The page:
More than 1,900 tadpoles of the endangered northern leopard frog have been released into the wild in the last few months.
The Wilder Institute/Calgary Zoo said it has been working with other conservation groups, governments and zoos in Western Canada to breed, translocate and release the frogs into some wetlands near Kimberley, B.C.
“We were able to release a bunch of tadpoles at our new introduction site,” Lea Randall, an ecologist at the zoo, said Thursday. “Unfortunately we weren’t able to release as many as we would have liked because it was a poor breeding season in the wild.
“The good news is that the survival of our tadpoles to reach metamorphoses has been through the roof this year.”
The northern leopard frog is found in a few different parts of Canada — in the East, the Western Boreal Forest and Prairies, and in the Rocky Mountains. The Rocky Mountain population in B.C. is endangered.
The frog plays an important role in its ecosystem, where it transfers nutrients between the land and water.
The zoo said the recovery program for the northern leopard frog is not an easy task.
Biologists in the Creston Valley, which has the only remaining population of the frogs in B.C., started listening in the early spring for the deep chuckles and grunts of the males trying to mate with females.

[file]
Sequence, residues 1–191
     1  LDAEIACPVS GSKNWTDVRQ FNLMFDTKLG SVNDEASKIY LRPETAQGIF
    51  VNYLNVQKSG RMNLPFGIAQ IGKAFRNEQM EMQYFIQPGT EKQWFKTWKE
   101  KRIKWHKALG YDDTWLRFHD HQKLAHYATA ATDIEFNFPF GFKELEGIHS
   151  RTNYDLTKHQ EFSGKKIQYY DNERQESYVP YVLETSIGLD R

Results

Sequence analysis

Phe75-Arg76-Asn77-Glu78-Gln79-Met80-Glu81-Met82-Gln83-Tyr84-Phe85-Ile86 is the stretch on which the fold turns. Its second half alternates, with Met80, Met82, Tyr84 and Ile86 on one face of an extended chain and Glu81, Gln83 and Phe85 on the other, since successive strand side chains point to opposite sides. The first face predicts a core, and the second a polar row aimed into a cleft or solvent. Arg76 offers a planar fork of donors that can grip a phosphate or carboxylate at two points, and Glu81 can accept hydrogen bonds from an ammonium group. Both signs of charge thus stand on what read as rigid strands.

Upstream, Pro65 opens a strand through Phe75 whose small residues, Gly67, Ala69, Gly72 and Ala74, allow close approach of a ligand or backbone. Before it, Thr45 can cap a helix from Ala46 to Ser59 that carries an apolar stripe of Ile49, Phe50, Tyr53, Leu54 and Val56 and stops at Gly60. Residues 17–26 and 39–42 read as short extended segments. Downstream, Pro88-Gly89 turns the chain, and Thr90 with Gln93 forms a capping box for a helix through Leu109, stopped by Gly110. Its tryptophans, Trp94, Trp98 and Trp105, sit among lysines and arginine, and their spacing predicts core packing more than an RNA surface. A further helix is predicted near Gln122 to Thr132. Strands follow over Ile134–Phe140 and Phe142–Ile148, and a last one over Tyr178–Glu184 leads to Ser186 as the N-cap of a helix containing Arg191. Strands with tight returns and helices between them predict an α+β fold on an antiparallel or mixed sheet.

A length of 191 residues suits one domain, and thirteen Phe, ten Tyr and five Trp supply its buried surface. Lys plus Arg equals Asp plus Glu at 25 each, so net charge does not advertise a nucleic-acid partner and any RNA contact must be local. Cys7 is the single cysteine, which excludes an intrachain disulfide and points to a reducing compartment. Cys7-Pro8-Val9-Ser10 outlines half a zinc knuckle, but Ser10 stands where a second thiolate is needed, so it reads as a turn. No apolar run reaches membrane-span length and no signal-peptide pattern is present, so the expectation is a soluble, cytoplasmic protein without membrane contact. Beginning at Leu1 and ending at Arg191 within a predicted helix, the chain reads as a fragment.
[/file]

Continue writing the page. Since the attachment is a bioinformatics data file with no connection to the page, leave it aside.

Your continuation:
They then looked for egg masses and protected them from predators using mesh enclosures.
Some of the tadpoles were released at the site, others were moved to the Kimberley reintroduction site and some were taken to breeding facilities such as zoos for release later in the season.
Randall said the tadpoles in the Kimberley area were released in May and will be monitored into the fall.
“The main reason we want to have a second site is … you don’t have all your eggs in one basket,” she said. “The other reason is we have invasive bullfrogs that are moving up from northern Idaho (to the Creston Valley).
“Bullfrogs can be extreme predators on leopard frogs and they can also out-compete them and they can also harbour diseases that can be transmitted to leopard frogs, so it’s often bad news.”
—Colette Derworiz, The Canadian Press